The 2015 Teilhard de Chardin, SJ Lecture: Violence, Mysticism, and Rene Girard by Prof. Ann Astell
Wednesday, 30 September 2015
4:00PM - 5:30PM
McComick Lounge, Coffey Hall
Lake Shore Campus, LUC
This event is free and open to the public!
Although the Church is often called the “Mystical Body of Christ,” “mysticism” and “mystical experience” are seldom associated in modern thought with social life and its historical violence. Rather, “mysticism,” narrowly defined, regularly designates the mysterious, transformative experiences of individual persons in their encounters with the Transcendent.
When modern psychologists engage the conjoined topics of mysticism and violence, therefore, they focus almost exclusively on the pathological experiences of unusual individuals, featuring case studies that involve eroticized violence, fear, psychological regression, internalized aggression, and/or demonic projection. Historians of asceticism, by contrast, often see a positive value in individual and communal practices of religiously motivated self-denial—reformist practices with social impact—but, following Max Weber, they separate asceticism from mysticism, opposing the two.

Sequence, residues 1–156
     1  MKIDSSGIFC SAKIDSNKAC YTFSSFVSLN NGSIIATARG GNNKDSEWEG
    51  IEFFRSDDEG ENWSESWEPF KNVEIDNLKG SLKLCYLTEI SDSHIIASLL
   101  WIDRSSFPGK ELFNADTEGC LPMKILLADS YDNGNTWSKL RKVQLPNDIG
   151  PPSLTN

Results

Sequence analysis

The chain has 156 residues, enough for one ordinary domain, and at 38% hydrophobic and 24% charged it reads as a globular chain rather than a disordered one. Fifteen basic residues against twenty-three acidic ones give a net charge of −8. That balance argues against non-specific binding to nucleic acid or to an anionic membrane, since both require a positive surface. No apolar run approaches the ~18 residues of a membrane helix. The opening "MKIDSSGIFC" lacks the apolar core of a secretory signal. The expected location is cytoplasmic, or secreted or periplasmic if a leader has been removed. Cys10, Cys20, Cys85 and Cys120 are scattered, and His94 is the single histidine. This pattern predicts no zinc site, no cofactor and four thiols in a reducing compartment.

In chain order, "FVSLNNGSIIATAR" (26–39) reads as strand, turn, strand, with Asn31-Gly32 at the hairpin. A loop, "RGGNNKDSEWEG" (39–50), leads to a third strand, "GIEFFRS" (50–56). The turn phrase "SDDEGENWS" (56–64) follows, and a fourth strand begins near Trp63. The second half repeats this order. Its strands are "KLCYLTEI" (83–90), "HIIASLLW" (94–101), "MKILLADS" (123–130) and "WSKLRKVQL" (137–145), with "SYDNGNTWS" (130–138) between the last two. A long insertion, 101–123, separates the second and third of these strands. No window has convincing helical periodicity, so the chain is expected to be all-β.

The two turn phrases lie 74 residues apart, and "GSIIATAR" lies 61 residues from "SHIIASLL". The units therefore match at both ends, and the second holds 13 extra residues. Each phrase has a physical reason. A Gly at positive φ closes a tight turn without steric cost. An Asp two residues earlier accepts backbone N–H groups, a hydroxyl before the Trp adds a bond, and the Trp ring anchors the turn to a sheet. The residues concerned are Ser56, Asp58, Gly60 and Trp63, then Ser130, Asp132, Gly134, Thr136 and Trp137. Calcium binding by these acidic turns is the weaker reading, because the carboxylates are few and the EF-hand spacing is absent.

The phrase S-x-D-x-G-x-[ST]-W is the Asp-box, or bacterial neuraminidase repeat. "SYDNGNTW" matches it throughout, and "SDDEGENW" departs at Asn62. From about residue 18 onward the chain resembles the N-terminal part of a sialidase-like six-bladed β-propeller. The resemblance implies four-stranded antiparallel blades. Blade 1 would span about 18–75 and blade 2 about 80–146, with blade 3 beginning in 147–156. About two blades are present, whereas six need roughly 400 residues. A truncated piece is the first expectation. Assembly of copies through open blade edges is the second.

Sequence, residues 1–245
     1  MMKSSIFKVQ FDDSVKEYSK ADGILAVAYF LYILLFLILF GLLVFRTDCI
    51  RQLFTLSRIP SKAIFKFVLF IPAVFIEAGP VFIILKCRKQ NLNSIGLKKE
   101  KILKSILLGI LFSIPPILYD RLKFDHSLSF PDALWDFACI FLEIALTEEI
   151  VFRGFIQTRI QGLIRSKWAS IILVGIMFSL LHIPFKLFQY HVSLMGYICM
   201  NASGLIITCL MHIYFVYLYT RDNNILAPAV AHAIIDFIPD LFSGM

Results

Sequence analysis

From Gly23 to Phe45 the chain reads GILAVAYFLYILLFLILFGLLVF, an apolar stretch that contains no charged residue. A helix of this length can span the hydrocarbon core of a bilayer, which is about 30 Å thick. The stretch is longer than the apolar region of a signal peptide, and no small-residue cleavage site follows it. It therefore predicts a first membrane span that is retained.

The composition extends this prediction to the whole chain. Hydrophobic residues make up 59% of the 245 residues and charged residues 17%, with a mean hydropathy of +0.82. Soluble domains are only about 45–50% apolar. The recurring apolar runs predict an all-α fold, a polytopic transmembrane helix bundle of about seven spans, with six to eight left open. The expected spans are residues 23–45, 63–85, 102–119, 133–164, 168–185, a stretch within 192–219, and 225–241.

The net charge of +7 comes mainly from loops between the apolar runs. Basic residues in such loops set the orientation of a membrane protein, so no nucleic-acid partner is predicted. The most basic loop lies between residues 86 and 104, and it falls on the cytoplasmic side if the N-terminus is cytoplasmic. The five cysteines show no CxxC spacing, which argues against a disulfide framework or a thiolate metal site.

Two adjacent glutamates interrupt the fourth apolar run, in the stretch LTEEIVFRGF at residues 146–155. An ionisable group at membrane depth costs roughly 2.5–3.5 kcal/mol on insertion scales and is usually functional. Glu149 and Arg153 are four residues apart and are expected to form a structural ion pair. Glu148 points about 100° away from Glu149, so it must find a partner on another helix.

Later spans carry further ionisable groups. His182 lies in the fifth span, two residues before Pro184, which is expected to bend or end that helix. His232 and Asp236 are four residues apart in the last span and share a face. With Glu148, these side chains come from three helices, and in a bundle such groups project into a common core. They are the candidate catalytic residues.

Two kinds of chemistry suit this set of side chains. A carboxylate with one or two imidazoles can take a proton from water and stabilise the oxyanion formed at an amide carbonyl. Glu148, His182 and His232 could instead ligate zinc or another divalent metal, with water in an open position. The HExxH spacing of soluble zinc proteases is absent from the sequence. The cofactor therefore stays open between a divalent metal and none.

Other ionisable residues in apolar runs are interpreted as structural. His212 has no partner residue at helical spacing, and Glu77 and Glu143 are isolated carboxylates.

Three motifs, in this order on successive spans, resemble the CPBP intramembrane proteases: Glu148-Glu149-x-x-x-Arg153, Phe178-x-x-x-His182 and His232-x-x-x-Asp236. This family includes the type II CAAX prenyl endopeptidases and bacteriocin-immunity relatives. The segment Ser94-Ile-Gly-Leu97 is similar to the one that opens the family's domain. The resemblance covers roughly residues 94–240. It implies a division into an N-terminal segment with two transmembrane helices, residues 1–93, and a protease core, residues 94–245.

Reacting against William James’s emphasis on the mystic individual in Varieties of Religious Experience (1917), sociologist Émile Durkheim explicitly rejected the mysticism of religion in favor of his own scientific approach, which nevertheless has often seemed to his readers to be quasi-mystical in its analysis of the sacred and the profane, its unveiling of their hidden inter-connection. Following Durkheim’s impulse toward what might be called a scientific mysticism of the social life, René Girard offers a mimetic theory of the origins of social violence, culture, and religion that retains and indeed necessitates a place for personal and communal mysticism, for grace and conversion, for asceticism and sanctity.
In this he revives for a postmodern age the mysticism of the Bible, of Augustine’s Confessions and City of God, of Dostoevsky’s Brothers Karamazov, of Simone Weil’s Poem of Force, and of Peguy’s “Political Mysticism.” Girard does so, moreover, as a mystic among mystics, anticipating a universal apocalypse.